Finally, I find the coverage, the slant overall, too bearish among many of the writers and editors across all mediums. This is a difficult issue to opine on because we always need to post the red flags when they need to be posted. But the coverage seems out of sync with the direction of the market over these four years, and that has hurt not helped the reader or viewer, and I am still enough of a service dog journalist not to care about what I perceive to be the lack of evenness about the reportage. In other words, I am not asking for us to be more bullish. I just think that many in this room believe it is their duty to slay or nitpick the bull or promote the bear, typically by bringing on or interviewing the same negativists as always, many of whom have missed thousands upon thousands of Dow points without ever being held accountable for being so wrong. When you are negative thousands of points ago, you aren't early. You are wrong. I am not some permabull. Nor am I demanding that you say something bullish every day. That's not rigorous. I think we just need to be two-sided or get a partner who can represent the other side. We need more pieces like that of Jim Stewart's in today's Times offering empirical evidence that you can make money buying at all-time highs on the S&P 500. My favorite CNBC spots that I do during the daytime are ones where I interact with Herb Greenberg where he flags a stock that I happen to be recommending on "Mad Money." I am simply stating that there has to be more evenness between negatives and the positives in one of the greatest bull markets of our lifetime. Perspective matters, helping the viewers and readers make informed choices, matters. The duking out we see in, say RealMoney, the paid site for TheStreet.com, I think is the best help we can offer readers trying to discern if an investment is suited for them. Speaking of the paywall, I can't leave without saying how excited I am that the major organizations are gating themselves. The propensity for free journalism is a bad one. We were all taught, I believe, that professionals should never give away their product for free. That was the rockbed principle that I argued for against the venture capitalist backers of TheStreet.com who always wanted to "blow it out, blow out the pageviews" and get more eyeballs to expand rapidly. You harm the profession with that kind of thinking, and I in particular salute The New York Times for its actions, which have allowed the company to profit from subscriptions in excess of advertising for the first time ever.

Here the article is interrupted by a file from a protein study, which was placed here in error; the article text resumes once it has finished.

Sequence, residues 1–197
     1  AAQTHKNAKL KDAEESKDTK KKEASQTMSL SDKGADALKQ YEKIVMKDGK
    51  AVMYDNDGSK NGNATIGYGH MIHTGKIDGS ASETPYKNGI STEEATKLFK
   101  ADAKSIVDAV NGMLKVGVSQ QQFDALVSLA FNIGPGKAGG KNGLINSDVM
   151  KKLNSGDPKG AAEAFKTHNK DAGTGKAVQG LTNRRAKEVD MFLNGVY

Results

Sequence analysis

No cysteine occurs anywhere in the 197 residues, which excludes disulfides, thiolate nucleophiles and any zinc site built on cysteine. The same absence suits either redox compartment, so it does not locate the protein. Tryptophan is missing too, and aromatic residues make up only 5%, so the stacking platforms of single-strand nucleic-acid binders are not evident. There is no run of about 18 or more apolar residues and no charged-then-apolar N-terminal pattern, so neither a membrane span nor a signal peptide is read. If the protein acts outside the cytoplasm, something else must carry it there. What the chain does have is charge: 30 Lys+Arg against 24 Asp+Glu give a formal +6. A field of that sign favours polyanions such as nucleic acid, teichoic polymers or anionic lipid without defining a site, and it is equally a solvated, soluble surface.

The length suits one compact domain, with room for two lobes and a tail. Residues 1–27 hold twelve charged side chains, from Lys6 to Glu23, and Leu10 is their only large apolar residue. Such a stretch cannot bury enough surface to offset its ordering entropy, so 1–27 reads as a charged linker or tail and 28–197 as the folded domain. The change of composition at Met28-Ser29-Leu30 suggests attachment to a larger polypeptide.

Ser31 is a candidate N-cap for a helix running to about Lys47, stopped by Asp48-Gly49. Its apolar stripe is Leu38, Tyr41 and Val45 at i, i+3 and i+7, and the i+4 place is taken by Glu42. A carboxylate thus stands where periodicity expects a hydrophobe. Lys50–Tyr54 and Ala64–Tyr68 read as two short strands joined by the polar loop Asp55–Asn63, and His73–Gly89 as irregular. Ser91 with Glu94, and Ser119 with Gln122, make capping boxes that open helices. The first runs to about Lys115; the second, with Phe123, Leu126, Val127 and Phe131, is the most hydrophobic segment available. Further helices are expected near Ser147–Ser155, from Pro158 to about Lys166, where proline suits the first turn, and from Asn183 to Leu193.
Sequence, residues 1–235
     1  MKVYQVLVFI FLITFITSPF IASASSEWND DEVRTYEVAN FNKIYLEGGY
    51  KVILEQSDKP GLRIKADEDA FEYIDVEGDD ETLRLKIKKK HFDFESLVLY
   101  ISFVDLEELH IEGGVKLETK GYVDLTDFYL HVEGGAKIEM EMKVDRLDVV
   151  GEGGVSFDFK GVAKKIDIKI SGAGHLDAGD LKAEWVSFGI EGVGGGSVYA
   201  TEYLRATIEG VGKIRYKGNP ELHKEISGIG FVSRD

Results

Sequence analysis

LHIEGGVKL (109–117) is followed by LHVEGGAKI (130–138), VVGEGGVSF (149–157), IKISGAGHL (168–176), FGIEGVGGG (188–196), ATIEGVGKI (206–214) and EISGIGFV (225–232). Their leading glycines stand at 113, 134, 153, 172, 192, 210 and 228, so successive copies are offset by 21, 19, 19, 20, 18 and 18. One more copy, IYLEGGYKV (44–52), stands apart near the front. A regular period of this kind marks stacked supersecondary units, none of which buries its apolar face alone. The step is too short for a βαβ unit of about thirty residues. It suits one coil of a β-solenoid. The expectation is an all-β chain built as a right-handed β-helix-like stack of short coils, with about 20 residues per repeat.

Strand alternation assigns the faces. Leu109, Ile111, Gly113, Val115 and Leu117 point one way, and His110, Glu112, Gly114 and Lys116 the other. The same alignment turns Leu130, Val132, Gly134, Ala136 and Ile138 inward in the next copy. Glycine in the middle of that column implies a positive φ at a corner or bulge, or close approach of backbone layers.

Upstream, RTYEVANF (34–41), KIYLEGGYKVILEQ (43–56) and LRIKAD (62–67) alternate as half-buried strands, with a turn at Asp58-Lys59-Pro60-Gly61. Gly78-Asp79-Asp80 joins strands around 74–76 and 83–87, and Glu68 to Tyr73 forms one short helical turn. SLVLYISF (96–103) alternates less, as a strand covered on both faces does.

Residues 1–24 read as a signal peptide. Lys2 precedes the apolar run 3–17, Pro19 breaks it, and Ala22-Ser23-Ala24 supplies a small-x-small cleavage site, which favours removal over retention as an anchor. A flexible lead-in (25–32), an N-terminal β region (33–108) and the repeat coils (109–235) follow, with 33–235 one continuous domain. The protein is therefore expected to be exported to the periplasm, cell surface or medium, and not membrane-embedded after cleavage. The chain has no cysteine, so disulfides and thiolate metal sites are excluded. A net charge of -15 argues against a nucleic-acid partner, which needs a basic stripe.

While my predilection is for paid products, I do want to add that I am a fan of the free-ist, least gated site I know of ... Twitter. I recently had a delicious green room conversation with one of my absolute favorite and provocative columnists in the world, the Journal's Peggy Noonan, and I asked her whether she thought the greats who have inspired many of us, people like Edward R. Murrow and Eric Sevareid, would have used Twitter to inform the public. She told me that these gentlemen embraced any new technology, including radio and TV, if it got the point across, so therefore Twitter would be championed enthusiastically, and it would be a terrific teaser to their more thorough and thoughtful commentary. We do need to police sponsored stories to be sure the sponsors aren't influencing the content. Candidly, I love it and use it to find out and read all sorts of people I would otherwise have never heard of, including many in this room. Twitter can help individual journalists develop a power base that hopefully can lead to a following that would allow them to go off on their own one day with a video product that can be lucrative enough that they do not need to be dependent on a big institution to get their point across. Twitter allows people to brand themselves and perhaps give them hegemony over themselves someday. I feel so strongly about the blogosphere, by the way, that once a week I sit down with two of the most talented journalists working today, Nicole and Ross Kenneth Urken, yes sister and brother, and do a video at TheStreet called "Old Dog, New Blog," where they teach me the new tricks of our trade and who is doing the best of them. They recently taught me how to speak Emoji and how to install NIMBY -- no, not "Not in My Back Yard," but "No Intoxicated Messaging by You!" -- on my iPhone. Nicole is "Mad Money's" fabulous research director and a great new-generation journalist trained at Goldman Sachs ( GS) who, 30 years from now, might be getting her lifetime achievement award. As I conclude, I want to circle back to my first thoughts to leave you in a way that is constructive in nature. In my 36 years in journalism I cannot recall a time where we have as many high-quality journalists doing fabulous financial editing and writing, but I also cannot recall a time when we have so few journalists in general, and that's both a testament to those in this room and an indictment of the Web in particular and the economy in general. Thank you very much. At the time of publication, Cramer's Action Alerts PLUS, which Cramer co-manages as a charitable trust, was long Apple, Facebook, Goldman Sachs and Johnson & Johnson.